Contemporary indigenous and vernacular art of India
Developed for APT8 with assistance from Minhazz Majumdar
Several hundred indigenous and rural-based communities exist in India, varying greatly in ethnicity, culture and language. Developed in collaboration with Delhi-based curator, Minhazz Majumdar, this focus project explores some of the diverse artistic traditions that have survived and evolved from these regions. Kalpa Vriksha is a Sanskrit term for a divine or wishfulfilling tree. Mentioned in scriptures, it is also used to describe living, sacred trees, traversing boundaries between the everyday and the mythical, ancient and contemporary. Communities such as the Warli, Gond, Patachitra scroll painters and Mithila artists are known for vibrant visual techniques with ancient histories, while Kalighat painting and clay sculpture from the Rajwar community have developed as part of daily vernacular life and belief. Phad painting and Kaavad shrines are part of story-telling traditions drawing on song and performance.This project considers some of the most exciting and experimental artists working with the knowledge of these traditions today, capturing how traditional iconography and techniques have developed and how artists are using new styles to explore contemporary issues.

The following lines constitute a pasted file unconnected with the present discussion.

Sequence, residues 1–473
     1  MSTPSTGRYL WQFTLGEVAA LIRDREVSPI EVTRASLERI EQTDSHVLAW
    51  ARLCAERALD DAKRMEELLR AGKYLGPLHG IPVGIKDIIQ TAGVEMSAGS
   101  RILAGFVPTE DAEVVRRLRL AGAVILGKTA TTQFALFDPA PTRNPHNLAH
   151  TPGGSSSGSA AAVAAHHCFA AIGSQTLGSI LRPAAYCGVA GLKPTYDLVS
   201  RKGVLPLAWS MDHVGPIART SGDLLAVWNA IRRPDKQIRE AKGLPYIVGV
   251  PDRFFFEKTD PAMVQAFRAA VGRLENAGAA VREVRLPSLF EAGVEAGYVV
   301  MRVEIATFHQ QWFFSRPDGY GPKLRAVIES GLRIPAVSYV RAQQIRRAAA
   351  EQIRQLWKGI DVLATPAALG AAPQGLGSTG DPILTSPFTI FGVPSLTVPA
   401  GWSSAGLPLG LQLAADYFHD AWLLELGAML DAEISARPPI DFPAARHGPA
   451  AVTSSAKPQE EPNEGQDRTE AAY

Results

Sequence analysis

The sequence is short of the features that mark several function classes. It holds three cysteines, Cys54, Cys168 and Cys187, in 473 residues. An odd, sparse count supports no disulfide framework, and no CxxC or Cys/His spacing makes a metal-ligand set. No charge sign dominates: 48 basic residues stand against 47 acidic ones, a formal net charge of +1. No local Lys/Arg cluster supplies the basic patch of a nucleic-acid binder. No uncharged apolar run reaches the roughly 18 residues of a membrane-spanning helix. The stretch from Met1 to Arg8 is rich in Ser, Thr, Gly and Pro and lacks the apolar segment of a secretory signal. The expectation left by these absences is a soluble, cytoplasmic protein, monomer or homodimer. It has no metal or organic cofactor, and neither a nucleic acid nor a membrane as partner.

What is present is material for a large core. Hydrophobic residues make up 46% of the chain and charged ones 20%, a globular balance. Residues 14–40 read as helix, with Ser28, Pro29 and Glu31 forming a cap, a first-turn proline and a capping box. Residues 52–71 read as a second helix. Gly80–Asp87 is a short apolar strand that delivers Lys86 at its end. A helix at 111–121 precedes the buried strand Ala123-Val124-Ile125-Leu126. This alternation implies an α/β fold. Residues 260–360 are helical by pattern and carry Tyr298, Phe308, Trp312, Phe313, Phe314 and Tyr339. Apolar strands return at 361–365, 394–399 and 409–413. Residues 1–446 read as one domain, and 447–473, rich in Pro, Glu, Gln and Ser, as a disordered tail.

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THE 8TH ASIA PACIFIC TRIENNIAL (APT8)
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